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Making Africa smile

A trip to Zambia was an eye-opening, rewarding experience for Richmond realtor Izabela Wasiela, who volunteered to teach special needs students and visited a seniors’ care facility.

14

RICHELLE AKIMOW/SPECIAL TO THE NEWS

Vancouver Canucks’ first-ever captain Orland Kurtenbach (centre, white) breezes past Coun. Bill McNulty (second from right, red) during the celebrity ball hockey game during the Scotiabank Hockey Day at the Richmond Oval. For more photos and video, go to get.layar.com to install the layar app on your smart phone, open the app and scan this page.

Guilt factors when placing loved ones

The New Year All the festivities of Chinese New Year and the Children’s Arts Festival on Family Day feature in the latest edition of The Pulse.

22

Workshops designed to help caregivers deal with emotional turmoil of life-change BY ALAN CAMPBELL

acampbell@richmond-news.com

It’s something that we may all have to face one day — the prospect of placing a loved one in residential care. Despite pacts made never to put each other into the hands of a facility for the elderly, many people find themselves in exactly that position. And that’s why the Alzheimer Society of B.C. is helping families prepare for those possibilities, with free workshops tonight (Wednesday) and next week. “It’s quite a traumatic experience, as caregivers have generally worn themselves

out caring for someone at home,” said Krista Frazee, the Richmond-South Delta support and education coordinator for the society. “It’s a terrible process to go through, realizing that you can’t care any more for the person you love, especially when you’ve sworn to that person you wouldn’t put them into care.” Frazee said the workshops will help caregivers deal with the inevitable, and sometimes overwhelming, guilt felt when having to place their husband, wife, father or mother in care. “It can be an extremely challenging time for everyone involved,” added Frazee, saying that, as well as the guilt,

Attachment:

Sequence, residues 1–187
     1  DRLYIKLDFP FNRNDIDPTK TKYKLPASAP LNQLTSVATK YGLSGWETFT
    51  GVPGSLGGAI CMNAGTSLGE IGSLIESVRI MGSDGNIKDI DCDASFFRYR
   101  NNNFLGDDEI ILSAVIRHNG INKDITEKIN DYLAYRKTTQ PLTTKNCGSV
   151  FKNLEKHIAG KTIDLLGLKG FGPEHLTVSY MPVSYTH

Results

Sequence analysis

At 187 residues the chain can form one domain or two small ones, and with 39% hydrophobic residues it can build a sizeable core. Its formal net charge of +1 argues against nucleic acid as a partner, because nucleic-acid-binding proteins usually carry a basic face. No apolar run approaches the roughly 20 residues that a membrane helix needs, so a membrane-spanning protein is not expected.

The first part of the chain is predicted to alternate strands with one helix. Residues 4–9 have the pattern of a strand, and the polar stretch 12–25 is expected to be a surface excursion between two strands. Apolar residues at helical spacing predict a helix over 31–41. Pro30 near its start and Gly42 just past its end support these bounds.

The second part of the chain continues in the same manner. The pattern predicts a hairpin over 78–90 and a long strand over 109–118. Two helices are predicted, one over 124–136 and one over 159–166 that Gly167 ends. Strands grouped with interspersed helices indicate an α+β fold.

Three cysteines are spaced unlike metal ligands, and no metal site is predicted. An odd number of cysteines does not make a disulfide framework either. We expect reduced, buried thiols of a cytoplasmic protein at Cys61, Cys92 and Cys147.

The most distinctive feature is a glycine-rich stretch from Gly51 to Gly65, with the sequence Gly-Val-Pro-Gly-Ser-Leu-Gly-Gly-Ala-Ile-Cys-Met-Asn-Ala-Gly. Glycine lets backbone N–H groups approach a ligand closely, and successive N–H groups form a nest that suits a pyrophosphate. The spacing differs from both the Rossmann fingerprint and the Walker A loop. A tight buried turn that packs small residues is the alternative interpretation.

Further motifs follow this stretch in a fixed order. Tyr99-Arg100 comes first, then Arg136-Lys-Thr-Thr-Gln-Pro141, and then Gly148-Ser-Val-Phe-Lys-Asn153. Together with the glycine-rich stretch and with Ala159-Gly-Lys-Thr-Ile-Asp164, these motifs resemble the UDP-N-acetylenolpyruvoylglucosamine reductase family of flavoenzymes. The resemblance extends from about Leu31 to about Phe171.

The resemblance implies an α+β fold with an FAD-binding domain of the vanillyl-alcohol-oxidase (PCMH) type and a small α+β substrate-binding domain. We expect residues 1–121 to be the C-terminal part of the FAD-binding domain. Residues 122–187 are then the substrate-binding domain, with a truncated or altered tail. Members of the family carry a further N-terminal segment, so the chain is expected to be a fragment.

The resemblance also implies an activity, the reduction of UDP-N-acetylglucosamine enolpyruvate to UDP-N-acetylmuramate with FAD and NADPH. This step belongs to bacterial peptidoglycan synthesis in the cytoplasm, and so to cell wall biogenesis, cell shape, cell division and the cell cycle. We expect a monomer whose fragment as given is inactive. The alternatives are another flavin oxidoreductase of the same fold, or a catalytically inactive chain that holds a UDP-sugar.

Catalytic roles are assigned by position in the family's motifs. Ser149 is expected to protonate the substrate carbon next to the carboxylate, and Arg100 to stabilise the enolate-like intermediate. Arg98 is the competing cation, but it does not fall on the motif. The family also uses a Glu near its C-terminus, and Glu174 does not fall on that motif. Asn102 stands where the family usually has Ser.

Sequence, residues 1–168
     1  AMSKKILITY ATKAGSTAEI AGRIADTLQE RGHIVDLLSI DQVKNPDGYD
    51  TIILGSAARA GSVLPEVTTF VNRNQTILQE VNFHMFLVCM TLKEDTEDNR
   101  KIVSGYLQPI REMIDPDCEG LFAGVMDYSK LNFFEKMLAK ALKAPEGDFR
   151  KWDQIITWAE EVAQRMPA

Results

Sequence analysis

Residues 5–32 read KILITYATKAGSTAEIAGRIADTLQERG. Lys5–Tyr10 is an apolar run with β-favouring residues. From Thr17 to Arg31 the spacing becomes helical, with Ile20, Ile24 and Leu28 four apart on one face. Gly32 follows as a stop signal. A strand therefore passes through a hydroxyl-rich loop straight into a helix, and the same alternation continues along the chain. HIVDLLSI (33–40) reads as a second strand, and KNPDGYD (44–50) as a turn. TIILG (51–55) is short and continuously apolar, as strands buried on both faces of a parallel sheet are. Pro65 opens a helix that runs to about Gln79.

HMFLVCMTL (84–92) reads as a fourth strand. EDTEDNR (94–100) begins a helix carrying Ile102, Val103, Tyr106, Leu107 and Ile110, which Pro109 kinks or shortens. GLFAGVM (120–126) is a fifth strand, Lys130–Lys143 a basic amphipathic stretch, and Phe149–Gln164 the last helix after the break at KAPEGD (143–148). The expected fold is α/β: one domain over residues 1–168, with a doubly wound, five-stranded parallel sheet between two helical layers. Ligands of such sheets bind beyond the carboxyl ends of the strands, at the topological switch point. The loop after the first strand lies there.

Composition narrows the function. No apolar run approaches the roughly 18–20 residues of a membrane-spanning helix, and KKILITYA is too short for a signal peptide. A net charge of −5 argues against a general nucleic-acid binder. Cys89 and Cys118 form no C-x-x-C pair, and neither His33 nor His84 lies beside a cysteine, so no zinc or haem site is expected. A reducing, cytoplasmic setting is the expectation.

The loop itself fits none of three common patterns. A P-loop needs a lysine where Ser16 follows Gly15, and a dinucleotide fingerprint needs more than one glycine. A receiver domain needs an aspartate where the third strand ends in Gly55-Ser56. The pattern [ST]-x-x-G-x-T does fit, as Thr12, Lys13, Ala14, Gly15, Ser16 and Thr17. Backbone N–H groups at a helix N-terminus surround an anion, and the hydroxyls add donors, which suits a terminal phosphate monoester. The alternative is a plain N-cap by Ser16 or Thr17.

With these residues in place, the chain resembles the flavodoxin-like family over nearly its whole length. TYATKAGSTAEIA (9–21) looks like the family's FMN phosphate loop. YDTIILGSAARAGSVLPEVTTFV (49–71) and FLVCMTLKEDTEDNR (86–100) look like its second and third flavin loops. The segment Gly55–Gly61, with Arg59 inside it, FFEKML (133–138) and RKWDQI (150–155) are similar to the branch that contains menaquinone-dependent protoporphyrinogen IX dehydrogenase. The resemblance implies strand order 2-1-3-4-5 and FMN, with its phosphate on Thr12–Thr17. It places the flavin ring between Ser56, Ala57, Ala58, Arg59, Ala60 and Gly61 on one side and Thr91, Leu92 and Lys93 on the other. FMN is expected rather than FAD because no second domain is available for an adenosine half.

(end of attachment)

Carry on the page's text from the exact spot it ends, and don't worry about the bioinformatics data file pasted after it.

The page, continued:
there can be a lot of animosity felt by the person going into care. “Not just the very emotional aspect of it, there’s also negotiations that need to be done with the care facility and how to be part of their team. “There’s also the loss of privacy felt by both parties and they’ll have to learn how to maintain their relationship in new surroundings.” Frazee said it can sometimes take up to six months for people to settle into their new life. The workshops will be split into two parts. Preparation for Transition to Residential Care takes place see Frazee page 4

Next stop New Zealand

Richmond softball player Bryan Abrey will be playing for Canada at the upcoming World Championships in Auckland then suit-up for a New Yorkbased club team.

24

Index PHOTO SUBMITTED

Sending your partner or parents into care can be traumatic for all concerned.

News Editorial Letters Travel The Pulse Sports Classified

3 8 9 20 22 24 27

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A2 February 13, 2013 The Richmond News

T H E

R I C H M O N D

The Richmond News February 13. 2013 A3

N E W S

Upfront

the fine print

Mounties appeal for witnesses

TO DO: Spencer Tsai, musical child prodigy, will be holding his third concert on Saturday, Feb. 16 at Richmond Music School, 11371 No. 3 Rd from 7 to 9 p.m. The concert will feature his compositions and professional performers. Donation for Richmond Hospital will be accepted.

BY ALAN CAMPBELL

acampbell@richmond-news.com

contact us Main office: 604-270-8031 Delivery: 604-249-3323 Classified: 604-630-3300 Fax: 604-630-4500 classifieds@richmond-news.com

the weather Wednesday high..................7 low ...................6 Sun and cloud Thursday high..................7 low ...................3 Rainy Friday high..................9 low ...................3 Rainy

on this day February 13 2000 — The last original “Peanuts” comic strip appears in newspapers one day after Charles M. Schulz dies.

webpoll THIS WEEK’S QUESTION:

Will you be celebrating Valentine’s Day? Cast your vote at www.richmond-news.com.

webonly KIDS ART FESTIVAL Photo Gallery: The fifth annual Kids Arts Festival was held on Family Day. Visit www. richmond-news.com for the photo gallery.

CHUNG CHOW/RICHMOND NEWS